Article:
Season 2 Of 'The Crown' Exposes The Royal Family's Fitful Evolution
To be honest, I never really understood why so many people saw The Crown as a superior TV show last season.
Yes, the Netflix drama has the production values and ambition of an epic motion picture, tracing the long reign of Queen Elizabeth II. And for those who miss the aristocratic soap opera of Downton Abbey, a big-budget recounting of the royal family's turmoil over marriages and abdications is quite a replacement. Who can argue with 13 Emmy nominations?
Still, to me, there was always a problem. The Crown too often felt like a show telling two disconnected stories — one focused on world-shaking events which shaped the face of modern England, and the other on the palace intrigue of a royal family distanced from those big events.
Admittedly, it's the perspective of a cheeky Yank who doesn't quite get the British monarchy: If they don't actually run the country, why is every moment of their lives treated with such importance by the show?
Fortunately, the second season of The Crown — covering events from the mid-1950s to the mid-1960s — answers that question. But not without first returning to its old tricks.
The first three episodes of the new season focus on turmoil in the royal marriage between Elizabeth, played by Claire Foy, and her husband Philip. It's an elaborate story, showcasing Doctor Who alum Matt Smith's amazing ability to play Philip as both a sympathetic figure trapped by the rigid demands of royal life and a blithely selfish jerk blinded by entitlement and childish petulance.
When rumors of infidelity emerge during a five-month diplomatic trip Philip takes without the queen, he can only focus on how the officials who run the royal household boss him around.
"Giving me lists. Sending me instructions. Can you imagine anything more humiliating?" Philip whines to Elizabeth.
"Yes," she says, as reporters surround the royal yacht, speculating about cheating and divorce. "As a matter of fact, I can."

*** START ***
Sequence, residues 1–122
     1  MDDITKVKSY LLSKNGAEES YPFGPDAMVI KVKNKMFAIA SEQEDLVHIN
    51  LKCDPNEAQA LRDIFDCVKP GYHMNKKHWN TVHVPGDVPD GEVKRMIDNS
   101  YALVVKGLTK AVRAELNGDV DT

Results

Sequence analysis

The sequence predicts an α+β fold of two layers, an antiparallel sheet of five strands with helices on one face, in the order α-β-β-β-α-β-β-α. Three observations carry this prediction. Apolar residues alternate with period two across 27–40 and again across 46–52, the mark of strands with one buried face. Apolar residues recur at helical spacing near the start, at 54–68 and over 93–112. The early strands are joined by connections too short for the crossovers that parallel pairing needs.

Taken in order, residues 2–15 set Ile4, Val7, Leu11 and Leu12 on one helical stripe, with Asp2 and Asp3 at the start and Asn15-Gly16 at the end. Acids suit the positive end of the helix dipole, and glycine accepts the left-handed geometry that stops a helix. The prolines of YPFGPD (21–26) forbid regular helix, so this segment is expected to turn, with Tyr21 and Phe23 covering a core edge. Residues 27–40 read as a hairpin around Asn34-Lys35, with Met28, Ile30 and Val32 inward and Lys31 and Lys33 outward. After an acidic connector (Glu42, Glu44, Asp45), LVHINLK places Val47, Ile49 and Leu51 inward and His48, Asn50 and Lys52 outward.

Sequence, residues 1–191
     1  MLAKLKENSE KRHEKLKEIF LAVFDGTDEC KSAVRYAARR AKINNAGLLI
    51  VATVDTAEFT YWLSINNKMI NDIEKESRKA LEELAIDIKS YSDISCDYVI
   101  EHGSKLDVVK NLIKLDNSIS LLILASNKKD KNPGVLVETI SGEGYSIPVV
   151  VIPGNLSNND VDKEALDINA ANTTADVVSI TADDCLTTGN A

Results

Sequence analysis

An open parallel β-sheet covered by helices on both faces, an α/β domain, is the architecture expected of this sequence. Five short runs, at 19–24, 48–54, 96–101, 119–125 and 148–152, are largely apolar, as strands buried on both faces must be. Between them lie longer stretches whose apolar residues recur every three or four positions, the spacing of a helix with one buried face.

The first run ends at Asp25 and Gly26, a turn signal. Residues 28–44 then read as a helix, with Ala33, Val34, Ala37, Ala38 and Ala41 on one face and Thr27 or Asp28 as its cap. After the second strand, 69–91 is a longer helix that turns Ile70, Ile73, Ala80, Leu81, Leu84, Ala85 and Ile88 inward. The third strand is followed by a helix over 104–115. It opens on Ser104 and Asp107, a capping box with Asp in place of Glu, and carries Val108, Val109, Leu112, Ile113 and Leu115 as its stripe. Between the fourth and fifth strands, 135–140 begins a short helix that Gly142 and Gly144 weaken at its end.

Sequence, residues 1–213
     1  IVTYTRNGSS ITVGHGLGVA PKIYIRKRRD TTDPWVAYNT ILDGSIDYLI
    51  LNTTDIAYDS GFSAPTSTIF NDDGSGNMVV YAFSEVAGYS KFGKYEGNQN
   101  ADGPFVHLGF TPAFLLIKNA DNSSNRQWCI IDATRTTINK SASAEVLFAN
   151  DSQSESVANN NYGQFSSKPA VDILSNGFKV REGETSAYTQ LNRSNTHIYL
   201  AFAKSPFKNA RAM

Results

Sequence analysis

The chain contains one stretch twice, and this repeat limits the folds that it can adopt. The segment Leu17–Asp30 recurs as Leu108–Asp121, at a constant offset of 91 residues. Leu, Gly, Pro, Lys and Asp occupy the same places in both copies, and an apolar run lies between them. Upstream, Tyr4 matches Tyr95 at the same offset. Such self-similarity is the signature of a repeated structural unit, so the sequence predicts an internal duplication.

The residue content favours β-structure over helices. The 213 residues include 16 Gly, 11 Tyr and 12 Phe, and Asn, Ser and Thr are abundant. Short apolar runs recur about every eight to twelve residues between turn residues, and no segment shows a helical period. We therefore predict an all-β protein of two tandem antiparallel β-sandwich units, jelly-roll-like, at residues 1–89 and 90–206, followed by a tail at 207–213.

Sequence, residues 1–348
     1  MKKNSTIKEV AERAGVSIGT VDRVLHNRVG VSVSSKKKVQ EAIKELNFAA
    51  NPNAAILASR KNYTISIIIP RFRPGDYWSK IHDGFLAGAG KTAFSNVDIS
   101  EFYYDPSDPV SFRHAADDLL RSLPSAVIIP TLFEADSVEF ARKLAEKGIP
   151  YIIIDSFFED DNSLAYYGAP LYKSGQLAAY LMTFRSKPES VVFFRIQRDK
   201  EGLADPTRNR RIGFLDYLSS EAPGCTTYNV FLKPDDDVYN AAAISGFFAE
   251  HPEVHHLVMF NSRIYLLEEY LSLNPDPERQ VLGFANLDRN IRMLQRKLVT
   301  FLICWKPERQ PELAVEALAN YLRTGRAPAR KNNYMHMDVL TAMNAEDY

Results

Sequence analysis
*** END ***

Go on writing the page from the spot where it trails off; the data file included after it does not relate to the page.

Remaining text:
This is all taking place while Britain is fighting over the Suez Canal and the prime minister is dealing with health problems that force him to leave the country for three weeks. So the royal marriage, which we already know survives this crisis, seems a little less important.
But The Crown soon takes a turn toward a powerful run of episodes. In one, a British aristocrat and magazine publisher named Lord Altrincham challenges Elizabeth to prove the monarchy remains relevant in a post-war world by being more accessible and modern.
"Spend time with normal people ... average people, working people," urges Altrincham, who would later renounce his own title in a challenge to England's class system. "Make it more inclusive and egalitarian. Let normal people get to know you, too."
It feels as if you could draw a straight line of progress from the ideas in that scene, to the current moment: When a member of the royal family is engaged to marry a divorced, biracial woman from America.
Another episode features the Duke of Windsor, who had to abdicate the throne in 1936 to marry a divorced American woman. (how times have changed!) When the duke asks to return to a job in the English government as part of the royal family, Elizabeth must decide whether to allow it.
As the episode progresses, Elizabeth slowly discovers just how close the duke was to the Nazis and Hitler during the war. I won't drop spoilers by detailing it all here, but it is a chilling moment when she learns the full truth. The entire story is bracketed by Elizabeth pondering the limits of forgiveness as demanded by her faith, eventually consulting evangelist Billy Graham to sort through her feelings.
Dexter alum Michael C. Hall pops up as John F. Kennedy in a wonderful episode. It shows how international acclaim for Jackie Kennedy intimidated — and eventually angered — Elizabeth so much that she flew to Ghana, determined to prove her relevance by persuading that country's ruler to reject communism.
Hall's take on Kennedy's trademark Boston accent is kinda horrible. But the episode — which connects the Kennedys' troubled marriage to Jackie acting out in a way that spurred Elizabeth to defy her government and take action in Ghana — is exactly the kind of storytelling that turns The Crown into transcendent drama.
The best episodes here are layered and complex; they juggle questions of whether a good marriage is possible among people in this orbit, how a family's history can shape children and their parents and how forgiveness has its limits. Occasionally, they end with photos showing the actual events and people fictionalized in the series, often with poignant effect.
So, at long last, I understand just how amazing a triumph The Crown is, at least in its second season — exposing the fitful evolution of a family which continues to represent one of the most compelling institutions in the world.
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